Facebook responded to the Wall Street Journal and it hopes to dispel what it calls some misconceptions derived from its own internal research about the impact Instagram has on the mental health of certain user cohorts.
First, Facebook says that its research found, on 11 out of 12 well-being issues surveyed, teenage girls who identified as struggling with them found Instagram made things better, not worse, in those specific areas.
Second, the research shows that teens report both positive and negative experiences on the platform which could probably be said of anything in life.
And, last, Facebook says that its internal research, far from attempting to achieve a range of nefarious goals, is actually about improving the user experience and their findings inform these platform changes.
Some of the changes listed by Facebook that came as a result of its research include those around body-image issues, suicide, graphic content, and bullying, among others.
Body-image issues, in particular, drew much of the WSJ’s attention and, in that area, Facebook admits that the results are a mixed bag.
From the blog post:
“On 11 of the 12 issues in the slide referenced by the Journal, such as eating issues, loneliness, anxiety and sadness, teenage girls who said they experienced these challenges were more likely to say that Instagram made these issues better vs. worse. The one exception was body image. While the headline in the internal slide does not explicitly state it, the research shows one in three of those teenage girls who told us they were experiencing body image issues reported that using Instagram made them feel worse — not one in three of all teenage girls.”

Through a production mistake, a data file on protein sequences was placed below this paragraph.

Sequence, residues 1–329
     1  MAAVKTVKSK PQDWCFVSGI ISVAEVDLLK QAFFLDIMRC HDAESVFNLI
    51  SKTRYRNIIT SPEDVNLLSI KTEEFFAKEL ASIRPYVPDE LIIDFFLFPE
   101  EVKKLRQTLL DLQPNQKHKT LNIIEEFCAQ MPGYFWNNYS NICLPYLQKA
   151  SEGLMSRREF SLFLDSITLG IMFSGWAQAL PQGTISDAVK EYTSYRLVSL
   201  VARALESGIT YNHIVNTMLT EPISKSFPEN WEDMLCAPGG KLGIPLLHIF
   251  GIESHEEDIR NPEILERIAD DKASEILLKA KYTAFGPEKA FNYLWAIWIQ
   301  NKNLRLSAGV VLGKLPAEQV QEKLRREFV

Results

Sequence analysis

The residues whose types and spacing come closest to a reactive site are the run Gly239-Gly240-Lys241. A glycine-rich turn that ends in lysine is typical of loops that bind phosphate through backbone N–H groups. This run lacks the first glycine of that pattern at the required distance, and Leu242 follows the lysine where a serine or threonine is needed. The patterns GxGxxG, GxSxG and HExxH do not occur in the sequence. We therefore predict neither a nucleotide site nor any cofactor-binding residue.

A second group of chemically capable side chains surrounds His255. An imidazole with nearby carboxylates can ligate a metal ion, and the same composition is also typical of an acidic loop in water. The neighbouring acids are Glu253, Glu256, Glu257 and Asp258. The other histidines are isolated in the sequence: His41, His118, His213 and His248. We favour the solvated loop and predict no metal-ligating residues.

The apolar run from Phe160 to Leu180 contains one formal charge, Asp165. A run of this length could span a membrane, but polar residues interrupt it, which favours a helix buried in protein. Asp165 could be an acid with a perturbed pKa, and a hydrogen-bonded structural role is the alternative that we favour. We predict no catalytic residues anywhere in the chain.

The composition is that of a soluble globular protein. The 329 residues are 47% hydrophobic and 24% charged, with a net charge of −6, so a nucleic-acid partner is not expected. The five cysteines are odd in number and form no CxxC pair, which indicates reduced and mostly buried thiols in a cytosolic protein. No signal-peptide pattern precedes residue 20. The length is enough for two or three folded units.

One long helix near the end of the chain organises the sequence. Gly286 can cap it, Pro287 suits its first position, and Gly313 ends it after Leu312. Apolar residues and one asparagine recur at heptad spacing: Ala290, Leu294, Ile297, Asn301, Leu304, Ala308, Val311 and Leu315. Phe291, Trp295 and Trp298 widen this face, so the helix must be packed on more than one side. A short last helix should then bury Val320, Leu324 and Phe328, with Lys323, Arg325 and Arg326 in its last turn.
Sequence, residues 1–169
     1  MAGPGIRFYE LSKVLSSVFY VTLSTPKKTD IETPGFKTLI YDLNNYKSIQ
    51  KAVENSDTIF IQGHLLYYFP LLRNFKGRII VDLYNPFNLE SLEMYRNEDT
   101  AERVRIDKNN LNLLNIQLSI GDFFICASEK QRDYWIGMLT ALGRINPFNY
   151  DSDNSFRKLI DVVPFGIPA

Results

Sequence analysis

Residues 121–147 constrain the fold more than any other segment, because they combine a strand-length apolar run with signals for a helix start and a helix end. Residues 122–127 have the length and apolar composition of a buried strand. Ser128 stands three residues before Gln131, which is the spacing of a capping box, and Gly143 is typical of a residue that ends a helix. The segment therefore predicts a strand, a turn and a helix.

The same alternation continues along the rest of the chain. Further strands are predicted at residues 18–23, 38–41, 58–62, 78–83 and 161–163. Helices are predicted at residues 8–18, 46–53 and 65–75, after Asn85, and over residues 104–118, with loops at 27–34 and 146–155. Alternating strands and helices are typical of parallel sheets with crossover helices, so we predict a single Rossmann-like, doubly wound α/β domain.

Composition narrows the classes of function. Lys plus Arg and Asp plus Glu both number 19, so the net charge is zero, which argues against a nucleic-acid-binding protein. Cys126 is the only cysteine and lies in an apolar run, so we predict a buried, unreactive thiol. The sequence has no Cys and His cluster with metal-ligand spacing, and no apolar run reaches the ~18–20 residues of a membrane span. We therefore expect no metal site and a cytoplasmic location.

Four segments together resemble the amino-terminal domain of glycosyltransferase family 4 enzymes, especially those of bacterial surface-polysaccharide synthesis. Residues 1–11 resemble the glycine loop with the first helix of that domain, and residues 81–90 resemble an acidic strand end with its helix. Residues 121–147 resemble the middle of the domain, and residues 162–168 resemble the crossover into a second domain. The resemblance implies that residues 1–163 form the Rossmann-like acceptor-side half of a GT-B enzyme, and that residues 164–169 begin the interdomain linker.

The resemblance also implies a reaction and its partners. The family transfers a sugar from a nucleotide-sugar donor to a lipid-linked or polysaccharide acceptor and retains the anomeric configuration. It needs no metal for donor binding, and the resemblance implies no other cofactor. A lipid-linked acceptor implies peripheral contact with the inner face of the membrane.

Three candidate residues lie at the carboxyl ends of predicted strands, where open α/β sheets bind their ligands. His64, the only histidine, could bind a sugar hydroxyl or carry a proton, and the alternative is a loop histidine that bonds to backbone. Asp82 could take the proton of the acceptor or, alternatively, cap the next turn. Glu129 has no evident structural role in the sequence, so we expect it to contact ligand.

As Facebook explains, this is important from a marketing standpoint as 33% of the surveyed audience is, indeed, a large number but that’s not what their research discovered.
“This is an important difference that is not explicit in the Journal’s reporting. And, among those same girls who said they were struggling with body image issues, 22% said that using Instagram made them feel better about their body image issues and 45.5% said that Instagram didn’t make it either better or worse (no impact).”
Of course, as we’ve reported multiple times here, social media doesn’t seem to incentivize some of the best behavior out there and that trend alone is worrying and across age groups. For example, extreme stunts and content tend to get the kinds of reactions from audiences and spur the algorithm in ways that intentionally game the system thus leading to the creation of more “toxic” content.
Do you think Facebook’s release of internal research about Instagram’s impact on its younger user cohort is a smart move towards getting rid of the controversy or will it just muddy the waters further? Let us know your thoughts on the impact of social media on mental health in the comments below.
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